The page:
Opposition-backed Candidate Elected Governor in Shizuoka; Latest Defeat for LDP Deals New Blow to Kishida

The Yomiuri Shimbun
Former Hamamatsu Mayor Yasutomo Suzuki speaks to supporters in Shizuoka after his victory in the Shizuoka gubernatorial election on Sunday looked certain.

A former Hamamatsu mayor backed by opposition parties won the Shizuoka gubernatorial election on Sunday, dealing a fresh blow to the administration of Prime Minister Fumio Kishida.

Yasutomo Suzuki, 66, is an independent candidate supported by the Constitutional Democratic Party of Japan and the Democratic Party for the People. Suzuki defeated five contenders, including former Deputy Shizuoka Gov. Shinichi Omura, 60, an independent who was backed by the ruling Liberal Democratic Party.

This setback for the LDP came after it effectively lost three by-elections for the House of Representatives in April.

LDP members increasingly believe that an early dissolution of the lower house would be difficult. Following this series of election defeats, it seems inevitable that pressure will intensify within the party for Kishida, who is also LDP president, not to dissolve the lower house before the party’s presidential election in autumn.

The outlook for the management of the government is increasingly grim.

Wound deepens

“The mindset is likely to spread that competing in an election under the prime minister will be tough,” a Cabinet minister said Sunday. The minister hinted that moves to find a new LDP president would accelerate in the run-up to the election.

A senior LDP official also expressed concern, saying: “An early dissolution of the Diet is impossible. The LDP could lose power.”

The Shizuoka gubernatorial election was regarded by the ruling and opposition parties as a crucial race that would affect the management of the government, as it was held after the LDP suffered a serious setback in the by-elections on April 28.

Some members of the government and the LDP had argued that it would be unnecessary for the ruling party to compete against headwinds, so the LDP initially considered forgoing its endorsement for Omura, whom the party’s local prefectural chapter proposed supporting.

However, the LDP decided to endorse him on May 8, the day before official campaigning for the gubernatorial election kicked off.

“Even if we limit our support for him to the prefectural chapter level, that would be regarded as a defeat for the LDP,” a party executive said at the time. “If he’s supported by the party headquarters and wins the election, the atmosphere surrounding the Kishida administration will change completely.”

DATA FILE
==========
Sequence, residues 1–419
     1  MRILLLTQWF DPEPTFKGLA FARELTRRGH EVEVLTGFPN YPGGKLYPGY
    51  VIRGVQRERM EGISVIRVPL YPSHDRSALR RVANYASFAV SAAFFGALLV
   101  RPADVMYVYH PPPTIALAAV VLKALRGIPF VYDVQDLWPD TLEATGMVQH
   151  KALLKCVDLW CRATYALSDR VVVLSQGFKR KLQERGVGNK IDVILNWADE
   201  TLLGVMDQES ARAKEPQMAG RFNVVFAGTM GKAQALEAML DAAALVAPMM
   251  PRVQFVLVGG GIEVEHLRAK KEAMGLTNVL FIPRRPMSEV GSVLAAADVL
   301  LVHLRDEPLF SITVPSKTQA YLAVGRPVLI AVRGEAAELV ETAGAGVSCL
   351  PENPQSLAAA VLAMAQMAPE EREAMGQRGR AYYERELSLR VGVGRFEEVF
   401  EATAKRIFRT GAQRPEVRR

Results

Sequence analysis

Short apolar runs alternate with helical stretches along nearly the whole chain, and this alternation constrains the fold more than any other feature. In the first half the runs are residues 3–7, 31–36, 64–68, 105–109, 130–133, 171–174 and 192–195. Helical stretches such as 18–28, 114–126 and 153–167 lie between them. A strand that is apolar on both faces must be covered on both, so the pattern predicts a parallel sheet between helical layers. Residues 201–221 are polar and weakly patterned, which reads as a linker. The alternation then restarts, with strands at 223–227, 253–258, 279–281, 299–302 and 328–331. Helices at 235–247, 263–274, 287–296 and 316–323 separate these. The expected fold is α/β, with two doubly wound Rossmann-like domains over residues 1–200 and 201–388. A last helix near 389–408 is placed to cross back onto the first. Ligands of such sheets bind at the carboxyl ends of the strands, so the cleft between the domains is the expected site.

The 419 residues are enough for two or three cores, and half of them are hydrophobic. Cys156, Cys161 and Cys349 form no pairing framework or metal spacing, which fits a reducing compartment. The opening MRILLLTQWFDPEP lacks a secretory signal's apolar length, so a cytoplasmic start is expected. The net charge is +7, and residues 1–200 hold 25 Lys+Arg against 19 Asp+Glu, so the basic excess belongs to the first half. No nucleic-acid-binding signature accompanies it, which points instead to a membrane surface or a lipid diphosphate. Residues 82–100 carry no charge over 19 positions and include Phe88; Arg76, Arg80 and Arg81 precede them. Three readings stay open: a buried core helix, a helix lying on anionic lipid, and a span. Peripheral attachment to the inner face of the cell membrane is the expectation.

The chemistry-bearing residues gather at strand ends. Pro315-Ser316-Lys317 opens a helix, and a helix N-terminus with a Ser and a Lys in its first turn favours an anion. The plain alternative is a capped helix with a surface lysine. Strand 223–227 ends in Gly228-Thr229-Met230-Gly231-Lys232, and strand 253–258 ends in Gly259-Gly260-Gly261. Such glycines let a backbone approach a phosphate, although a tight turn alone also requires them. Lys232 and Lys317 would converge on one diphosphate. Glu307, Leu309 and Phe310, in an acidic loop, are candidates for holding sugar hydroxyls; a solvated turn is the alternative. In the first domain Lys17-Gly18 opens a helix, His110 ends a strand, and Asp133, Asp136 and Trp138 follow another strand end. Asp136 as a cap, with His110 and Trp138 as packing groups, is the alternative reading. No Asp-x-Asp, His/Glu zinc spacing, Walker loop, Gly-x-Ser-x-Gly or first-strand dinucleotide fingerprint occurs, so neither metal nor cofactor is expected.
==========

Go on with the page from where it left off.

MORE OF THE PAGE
Pushed by this argument from many LDP executives, Kishida decided to take a chance. However, this ended up deepening the “wound” the party had already suffered.

Deja vu of Suga era

This series of defeats for the LDP in by-elections for Diet seats and local elections is reminiscent of the political developments seen in 2021 when former Prime Minister Yoshihide Suga was in power.

Under Suga, the LDP was defeated in by-elections for both the Diet chambers and a re-held election for the House of Councillors in Hiroshima Prefecture in April 2021, as well as the Yokohama mayoral election in August of the year.

Combined with the party’s defeat in the then Tokyo metropolitan assembly election, moves to seek a “new face” for the LDP gained momentum. As a result, Suga was forced to give up on running in the LDP presidential election the following September.

Yokohama is Suga’s home turf, and at the time of the LDP presidential race, the term for lower house members was set to expire the following month. The current terms for lower house members will expire in October next year, so there is a certain amount of leeway.

“Kishida won’t suffer as much damage as Suga,” said a former cabinet member close to Kishida.

Recovery measures

Nevertheless, Kishida has been severely criticized over violations of the Political Funds Control Law involving LDP factions. With limited time and opportunity to recover before the party leadership race, the path to reelection is difficult for Kishida.

One LDP heavyweight said, “He may not even be able to run for the party presidency.”

Many observers believe that if Kishida decides to dissolve the lower house to break the deadlock, moves to put him out of power will become pronounced and the situation will be unmanageable.

Kishida apparently hopes that fixed-amount tax cuts to be implemented in June will buoy his administration. However, a government plan to require the amount of the tax cuts to be listed on paychecks has not been well-received. The LDP’s stance on revisions of the Political Funds Control Law has also not met with favor from the public.

“If we rush into unnecessary moves, we’ll end up digging our own grave,” a source close to the prime minister said. “We have no choice but to steadily advance our policy measures and work to regain support.”